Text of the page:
Fet culture and cinema? I mean, duh, guys, they’re a match made in heaven– er, whichever circle of hell doms and bronies go to. (Dunno about you guys, but that’s where I’m hoping to end up, Lucifer willing). That’s why Cinekink NYC– which clears up any confusion by calling itself “the kinky film festival”– is popping off this week for its 14th year.
Last month, at a 20th anniversary screening of Kids, Hamilton Harris premiered a teaser for his forthcoming documentary about the skate kids who were featured in Larry Clark’s seminal film. When we spoke to Harris about The Kids, he still hadn’t released the teaser to the public, but now it’s online, via a newly launched Kickstarter.
Last week, when creators and cast members of Kids got together at BAM for a 20th anniversary reunion, producer Carry Woods recalled showing the film to a reporter friend before its premiere at Sundance in 1995. “She loved it,” he said, “and it ended up being on the cover of New York magazine.” The hype surrounding Lynn Hirschberg’s story in the June 5, 1995 issue helped make the film a sensation. Here then, for your reading pleasure, is that story, which documents the buzzed-about premiere, the controversy that was already building around the film, and (our favorite part) Harmony Korine bopping around Soho in a wig, throwing firecrackers at everyone.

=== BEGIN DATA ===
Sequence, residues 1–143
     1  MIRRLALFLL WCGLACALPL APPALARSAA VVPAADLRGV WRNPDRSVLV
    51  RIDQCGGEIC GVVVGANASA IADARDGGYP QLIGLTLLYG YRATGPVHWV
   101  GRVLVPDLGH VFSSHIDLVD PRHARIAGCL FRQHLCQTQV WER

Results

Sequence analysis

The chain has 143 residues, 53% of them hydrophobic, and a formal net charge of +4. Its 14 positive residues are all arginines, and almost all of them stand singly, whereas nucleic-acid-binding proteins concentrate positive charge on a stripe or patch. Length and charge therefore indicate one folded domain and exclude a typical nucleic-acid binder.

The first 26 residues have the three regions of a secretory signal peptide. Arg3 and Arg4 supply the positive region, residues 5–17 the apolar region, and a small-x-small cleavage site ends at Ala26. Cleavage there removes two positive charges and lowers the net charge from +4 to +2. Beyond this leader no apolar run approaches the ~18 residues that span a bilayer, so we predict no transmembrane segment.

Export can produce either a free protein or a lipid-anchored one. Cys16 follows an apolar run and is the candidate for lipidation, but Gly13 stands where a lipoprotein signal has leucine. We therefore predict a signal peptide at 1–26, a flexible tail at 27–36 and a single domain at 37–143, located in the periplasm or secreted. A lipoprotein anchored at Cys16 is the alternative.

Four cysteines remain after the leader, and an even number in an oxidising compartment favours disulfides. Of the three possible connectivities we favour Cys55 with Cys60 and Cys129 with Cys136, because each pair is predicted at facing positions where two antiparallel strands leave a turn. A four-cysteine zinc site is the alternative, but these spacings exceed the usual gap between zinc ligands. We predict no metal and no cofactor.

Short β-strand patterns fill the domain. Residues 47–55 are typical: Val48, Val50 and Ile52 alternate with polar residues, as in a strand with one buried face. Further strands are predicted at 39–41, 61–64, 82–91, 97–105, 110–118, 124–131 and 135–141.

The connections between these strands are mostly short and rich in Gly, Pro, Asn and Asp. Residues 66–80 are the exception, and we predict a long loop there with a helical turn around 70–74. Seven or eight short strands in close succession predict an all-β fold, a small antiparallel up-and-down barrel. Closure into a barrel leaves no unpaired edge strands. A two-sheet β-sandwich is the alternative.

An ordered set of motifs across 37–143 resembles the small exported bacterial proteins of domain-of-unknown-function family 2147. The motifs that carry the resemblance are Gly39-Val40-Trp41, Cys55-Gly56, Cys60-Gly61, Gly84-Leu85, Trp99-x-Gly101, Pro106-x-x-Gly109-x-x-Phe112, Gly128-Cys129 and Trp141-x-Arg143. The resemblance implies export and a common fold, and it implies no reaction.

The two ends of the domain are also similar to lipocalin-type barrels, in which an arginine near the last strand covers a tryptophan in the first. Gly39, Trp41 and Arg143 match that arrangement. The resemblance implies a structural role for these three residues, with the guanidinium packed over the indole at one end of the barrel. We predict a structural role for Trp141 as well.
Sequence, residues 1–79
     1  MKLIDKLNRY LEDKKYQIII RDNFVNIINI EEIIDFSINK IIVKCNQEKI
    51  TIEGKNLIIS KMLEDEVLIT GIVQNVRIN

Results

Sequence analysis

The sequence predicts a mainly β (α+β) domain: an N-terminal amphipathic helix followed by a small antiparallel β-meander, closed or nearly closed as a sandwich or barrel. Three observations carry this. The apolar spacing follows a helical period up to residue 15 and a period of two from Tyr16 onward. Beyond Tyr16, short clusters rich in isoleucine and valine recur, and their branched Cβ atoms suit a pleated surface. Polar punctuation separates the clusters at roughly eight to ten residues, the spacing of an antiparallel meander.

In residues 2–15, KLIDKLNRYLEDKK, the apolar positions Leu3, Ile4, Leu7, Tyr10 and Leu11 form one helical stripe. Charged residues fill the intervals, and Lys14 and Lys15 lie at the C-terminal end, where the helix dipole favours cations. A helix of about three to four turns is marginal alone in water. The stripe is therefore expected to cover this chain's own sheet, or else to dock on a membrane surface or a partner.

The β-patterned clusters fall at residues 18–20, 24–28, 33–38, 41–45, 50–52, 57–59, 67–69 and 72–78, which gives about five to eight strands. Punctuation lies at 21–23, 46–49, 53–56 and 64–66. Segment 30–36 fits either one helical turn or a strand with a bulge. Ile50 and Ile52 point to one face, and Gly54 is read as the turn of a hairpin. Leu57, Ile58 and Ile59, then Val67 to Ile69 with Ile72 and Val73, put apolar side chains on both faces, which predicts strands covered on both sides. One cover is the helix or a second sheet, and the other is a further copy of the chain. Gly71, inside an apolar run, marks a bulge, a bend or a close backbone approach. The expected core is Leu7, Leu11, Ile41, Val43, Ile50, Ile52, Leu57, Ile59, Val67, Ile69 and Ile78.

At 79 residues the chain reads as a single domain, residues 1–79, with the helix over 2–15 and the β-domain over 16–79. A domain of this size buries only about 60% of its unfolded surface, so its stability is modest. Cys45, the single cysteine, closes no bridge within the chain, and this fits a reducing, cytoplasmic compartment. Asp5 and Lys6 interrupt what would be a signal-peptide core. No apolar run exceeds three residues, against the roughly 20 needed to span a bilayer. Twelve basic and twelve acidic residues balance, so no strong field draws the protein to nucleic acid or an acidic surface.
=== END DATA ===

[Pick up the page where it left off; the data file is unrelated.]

It was kind of surreal watching Rosario Dawson, Chloe Sevigny, and Harmony Korine walk the red carpet at BAM last night, before the 20th anniversary screening of Kids. Sure, they’re all part of the Hollywood establishment at this point (when I rolled up to the Peter Jay Sharp Building, Sevigny was signing DVDs of her films), but you can’t help but think of them as, well, the kids that Larry Clark plucked out of obscurity over two decades ago for his controversial work of cinema verite.
Kids grows up so fast! Next month will be the 19th anniversary of the movie that scared the shit out of baby-boomer parents and made every teenager this side of Tulsa want to pick up a skateboard, move to NYC, and break into the nearest public swimming pool. Chloe, Rosario, and Leo Fitzpatrick went on to achieve their fair share of fame, and the rest of the kids will be featured in a forthcoming documentary titled — you guessed it — The Kids. But this month it’s the film’s creators who are in the spotlight, thanks to these exhibitions.
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Dan Colen, the downtown artist best known for his charming antics with Ryan McGinley and the late Dash Snow, opened a solo show, Help!, at the Brant Foundation in Greenwich, Conn. yesterday. The pristine green lawns (with oversized pillows and blankets for, you know, lounging), decadent buffet (the burrata was delicious) and endless champagne were a far cry from Colen’s debauched legacy.
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